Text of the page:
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World awakens to a rising Africa

Updated: 2012-10-15 17:40
By Tom McGregor ( China Daily)

Africa appears to hold amazing potential for greater prosperity. The land is rich in natural resources with much fertile ground for agriculture and a population that remains young with high birth rates. The continent is recognized for its beautiful natural scenery, abundant wildlife and unexplored regions destined for development.

Yet, the Western media often portrays it as the Dark Continent ravaged by wars, corruption and famines. Many Westerners perceive Africans as primitive and treat them as charity cases. Hence, Africa has received little respect from the West.

However, the continent is enjoying remarkable economic growth in recent years and some so-called experts on Africa from the US or Europe had blasted stronger Sino-African economic ties. They claim that Beijing seeks to exploit Africans, not help them.

Skeptics accuse the Chinese of making a power grab to drain its natural resources. Yet, the criticisms seem to be more about pushing a joint US-EU globalist agenda that knocks out Chinese business rivals.

Accordingly, they belittle Chinese companies as "incompetent", and encourage African governments to sign more expensive contracts with major Western firms.

Alexander Benard, managing director of Gryphon Partners, wrote in the Christian Science Monitor, "ask any African ministry official or businessperson his or her views on Chinese companies and you tend to get the same response: horrible quality and broken promises." He added, "The Chinese brand is often the object of ridicule even among average Africans."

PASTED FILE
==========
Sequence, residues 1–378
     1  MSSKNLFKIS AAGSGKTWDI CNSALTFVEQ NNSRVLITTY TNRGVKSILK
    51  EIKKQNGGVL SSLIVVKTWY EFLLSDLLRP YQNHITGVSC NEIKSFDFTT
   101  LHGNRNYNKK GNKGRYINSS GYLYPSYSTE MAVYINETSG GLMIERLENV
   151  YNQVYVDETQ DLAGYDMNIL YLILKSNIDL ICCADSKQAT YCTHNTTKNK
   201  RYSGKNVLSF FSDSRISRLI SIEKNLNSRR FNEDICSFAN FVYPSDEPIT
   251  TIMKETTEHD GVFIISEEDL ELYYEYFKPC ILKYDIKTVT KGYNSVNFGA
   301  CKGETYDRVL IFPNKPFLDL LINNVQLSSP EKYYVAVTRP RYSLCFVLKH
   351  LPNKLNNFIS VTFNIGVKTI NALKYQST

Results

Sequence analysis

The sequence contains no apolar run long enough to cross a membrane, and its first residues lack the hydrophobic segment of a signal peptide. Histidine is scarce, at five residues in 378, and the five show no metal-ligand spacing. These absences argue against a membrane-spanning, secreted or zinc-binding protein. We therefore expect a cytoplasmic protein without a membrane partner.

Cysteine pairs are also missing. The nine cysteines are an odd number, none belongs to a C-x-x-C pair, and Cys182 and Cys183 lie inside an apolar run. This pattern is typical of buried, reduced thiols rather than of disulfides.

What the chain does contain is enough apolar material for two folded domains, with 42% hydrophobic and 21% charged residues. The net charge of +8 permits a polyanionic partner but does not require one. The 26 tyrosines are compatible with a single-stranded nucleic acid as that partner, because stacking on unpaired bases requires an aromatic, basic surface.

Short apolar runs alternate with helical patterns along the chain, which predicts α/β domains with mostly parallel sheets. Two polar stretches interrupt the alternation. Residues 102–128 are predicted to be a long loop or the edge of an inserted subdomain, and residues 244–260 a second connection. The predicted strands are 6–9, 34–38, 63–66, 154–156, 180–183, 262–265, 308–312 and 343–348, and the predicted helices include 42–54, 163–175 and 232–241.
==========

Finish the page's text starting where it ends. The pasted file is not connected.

He declared US Secretary of State Hillary Clinton, an "effective partner" for the African business community, which may come as no surprise since Benard formerly worked for the US Defense Department, according to National Review magazine.

Well, yes it's true that sometimes mistakes have occurred when some Chinese companies and investors built major infrastructure projects. But, it's impossible to build Rome overnight. Pointing at a few flaws overlooks the big picture – China has invested billions of dollars into the African economy, which is blossoming nowadays.

China has become Africa's largest trading partner and Africa is expected to surpass the US and EU as China's largest trading partner in three to five years, according to Wei Jianguo, a senior commerce official in Beijing.

Related reading: African trade to surpass EU, US

As reported by the General Administration of Customs, "in 2012, China's trade with Africa will probably hit $220 billion, up 25 percent year-on-year. China's exports to Africa grew 22 percent in the first nine months this year, while imports jumped by 21.5 percent during the period."

Additionally, "China's non-financial direct investment in Africa increased 58.9 percent year-on-year to $1.7 billion last year, according to the Ministry of Commerce. By the end of 2011, Chinese investment stock in Africa reached $14.7 billion, up 60 percent compared with 2009," as disclosed by media reports.

President Alassane Ouattra of Coite d' Ivoire, disputes the notion that all African officials despise Chinese investments. At the 4th Conference of Chinese and African Entrepreneurs in July, he said, "Chinese investment is the cornerstone for our country to maintain a double-digit GDP growth from 2014 to 2105."

Other high-level African officials have voiced their support as well. H.E. Alhaji Amini Bashir Walid, ambassador of Nigeria to China, told ChinAfrica magazine that "he believes Africa is headed in the right direction although numerous problems persist".

He added, "China comes to Africa with a win-win situation," according to ChinAfrica. "The ambassador accepts that entrepreneurs want to earn a profit, and the Chinese and Africans can speak at the same level."

He blasted the West for trying to "dictate morality" to Africa, which highlights the key difference between Chinese and Western perceptions of Africa.

The Chinese seek a business partnership, while the West wants to keep the continent as tool for philanthropy. Accordingly, many Africans appreciate China's efforts to show them the path to emerge as an economic super power with a burgeoning middle class, which would help them overcome a subservient role as recipients for donations.

The views do not necessarily reflect those of China Daily.